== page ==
If I could teach SQL to analysts who plan to work in industry data science, I’d start by sharing a few SQL Truths I’ve learned, and why I recommend tracking SQL queries in git. Here goes:
- You will *always* need that query again
- Queries are living artifacts that change over time
- If it’s useful to you, it’s useful to others (and vice versa)
Focusing on these points has led to my continuous adoption of a query library — a git repository for saving and sharing commonly (and uncommonly) used queries, all while tracking any changes made to these queries over time.
This is separate from keeping database objects (like table or procedure definitions) in source control.
Another solution that can be used to track changes executed against your database is to read Transaction Log file or Transaction Log Backups. Transaction log file (and backups) consists of every transaction executed against your database. The only requirement for this is to have a database in the Full recovery model. In the Simple recovery model, every committed transaction can be very quickly overwritten by another one.
Also, this is something that you get for free without the need to enable and configure any additional SQL Server functionality. Of course, besides the database backups, but you already do database backups, right?
To test this approach, you have to make some preparations. You need to set the database’s recovery model to Full. As a first step, check database properties to ensure that it is appropriately configured. As a second step, you need to create a full database backup. From this point, the database is in Full recovery model, and every transaction is fully logged. Thanks to this you are able to read logged transactions from Transaction Log file. The same applies to read from Transaction Log backup. To do this, you need to create such a backup after you execute database schema changes.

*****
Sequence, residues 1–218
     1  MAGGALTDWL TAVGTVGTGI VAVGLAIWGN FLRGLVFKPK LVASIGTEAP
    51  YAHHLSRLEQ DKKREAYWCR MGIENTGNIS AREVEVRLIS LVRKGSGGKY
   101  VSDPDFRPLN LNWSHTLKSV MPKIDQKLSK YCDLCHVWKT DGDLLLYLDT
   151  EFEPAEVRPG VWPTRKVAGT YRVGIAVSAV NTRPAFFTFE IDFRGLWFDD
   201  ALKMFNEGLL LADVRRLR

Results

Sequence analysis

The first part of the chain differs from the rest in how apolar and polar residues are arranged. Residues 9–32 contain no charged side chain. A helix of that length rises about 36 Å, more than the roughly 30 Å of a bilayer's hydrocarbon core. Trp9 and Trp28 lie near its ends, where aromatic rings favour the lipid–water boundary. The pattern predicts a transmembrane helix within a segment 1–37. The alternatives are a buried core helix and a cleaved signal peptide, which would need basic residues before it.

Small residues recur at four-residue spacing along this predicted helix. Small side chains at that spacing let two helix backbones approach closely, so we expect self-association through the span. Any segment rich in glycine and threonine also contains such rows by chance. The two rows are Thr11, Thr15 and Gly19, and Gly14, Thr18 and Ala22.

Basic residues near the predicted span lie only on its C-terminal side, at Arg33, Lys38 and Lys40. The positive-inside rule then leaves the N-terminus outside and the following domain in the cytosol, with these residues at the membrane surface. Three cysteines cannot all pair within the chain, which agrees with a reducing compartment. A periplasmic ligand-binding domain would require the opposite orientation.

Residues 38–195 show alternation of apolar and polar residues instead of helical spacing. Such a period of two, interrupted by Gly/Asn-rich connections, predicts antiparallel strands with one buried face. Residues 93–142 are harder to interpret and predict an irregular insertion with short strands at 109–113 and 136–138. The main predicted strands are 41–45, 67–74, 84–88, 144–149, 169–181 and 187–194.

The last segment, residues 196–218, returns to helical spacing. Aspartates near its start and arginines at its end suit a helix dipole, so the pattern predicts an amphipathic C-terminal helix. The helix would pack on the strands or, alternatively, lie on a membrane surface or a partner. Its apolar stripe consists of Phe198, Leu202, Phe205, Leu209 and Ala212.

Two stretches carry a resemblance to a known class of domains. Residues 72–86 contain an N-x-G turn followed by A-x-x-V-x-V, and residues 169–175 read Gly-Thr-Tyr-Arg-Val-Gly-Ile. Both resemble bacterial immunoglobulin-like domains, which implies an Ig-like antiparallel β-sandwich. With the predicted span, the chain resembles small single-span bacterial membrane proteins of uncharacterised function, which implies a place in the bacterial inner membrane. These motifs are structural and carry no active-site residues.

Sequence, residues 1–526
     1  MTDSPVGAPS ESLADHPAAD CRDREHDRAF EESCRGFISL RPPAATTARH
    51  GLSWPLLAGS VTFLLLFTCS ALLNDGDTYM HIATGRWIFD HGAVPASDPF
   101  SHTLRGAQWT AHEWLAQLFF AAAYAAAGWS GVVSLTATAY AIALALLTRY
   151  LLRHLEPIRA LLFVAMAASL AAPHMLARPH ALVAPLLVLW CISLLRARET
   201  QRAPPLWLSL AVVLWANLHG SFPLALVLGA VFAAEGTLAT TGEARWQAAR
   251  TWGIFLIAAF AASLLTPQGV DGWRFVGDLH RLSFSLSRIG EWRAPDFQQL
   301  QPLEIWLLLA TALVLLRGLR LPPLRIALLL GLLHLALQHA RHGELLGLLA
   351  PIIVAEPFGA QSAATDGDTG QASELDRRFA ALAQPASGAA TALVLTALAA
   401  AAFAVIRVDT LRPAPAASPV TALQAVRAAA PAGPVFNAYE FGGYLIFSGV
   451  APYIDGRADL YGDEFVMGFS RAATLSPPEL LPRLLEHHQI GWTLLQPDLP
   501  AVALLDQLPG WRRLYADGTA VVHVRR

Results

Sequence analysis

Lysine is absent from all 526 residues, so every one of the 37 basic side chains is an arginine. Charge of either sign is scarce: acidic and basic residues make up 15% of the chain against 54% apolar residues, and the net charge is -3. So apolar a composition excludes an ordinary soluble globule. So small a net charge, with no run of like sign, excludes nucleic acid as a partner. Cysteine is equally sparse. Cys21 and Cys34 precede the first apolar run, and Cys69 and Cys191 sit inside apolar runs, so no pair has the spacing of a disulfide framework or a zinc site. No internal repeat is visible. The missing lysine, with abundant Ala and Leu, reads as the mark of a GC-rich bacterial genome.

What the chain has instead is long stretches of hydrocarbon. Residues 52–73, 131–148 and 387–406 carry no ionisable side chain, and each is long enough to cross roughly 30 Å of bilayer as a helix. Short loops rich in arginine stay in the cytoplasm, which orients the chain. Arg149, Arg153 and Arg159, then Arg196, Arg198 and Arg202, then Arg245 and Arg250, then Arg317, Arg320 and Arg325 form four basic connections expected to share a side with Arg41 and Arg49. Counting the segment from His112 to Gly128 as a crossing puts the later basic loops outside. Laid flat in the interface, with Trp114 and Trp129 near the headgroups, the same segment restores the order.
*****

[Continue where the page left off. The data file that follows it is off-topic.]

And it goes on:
I think I’ve only done this once or twice, but it’s a good technique to know about.
If you really like a certain R visual, you can also package it as a pbiviz file to share with others. Once you set up the foundation to create the first pbiviz, it is easy to crank out many more just by replacing the R code and repackaging it (into a different pbiviz file). See instruction here.
But this post isn’t about making charts. It turns out you can hijack the R visual to do lots of other things too. Below are a few examples:
Note: I am no R expert. The examples below are relatively simple and cobbled together from similar things online. They may be a little clunky, but worth it, in my opinion, to be able to dynamically leverage many more of the R capabilities through Power BI.
Read on for some interesting examples.
I would not say it’s common place to load structured data into the data lake, but I do see it frequently.
In most cases it is not necessary to first copy relational source data into the data lake and then into the data warehouse, especially when keeping in mind the effort to migrate existing ETL jobs that are already copying source data into the data warehouse, but there are some good uses cases to do just that: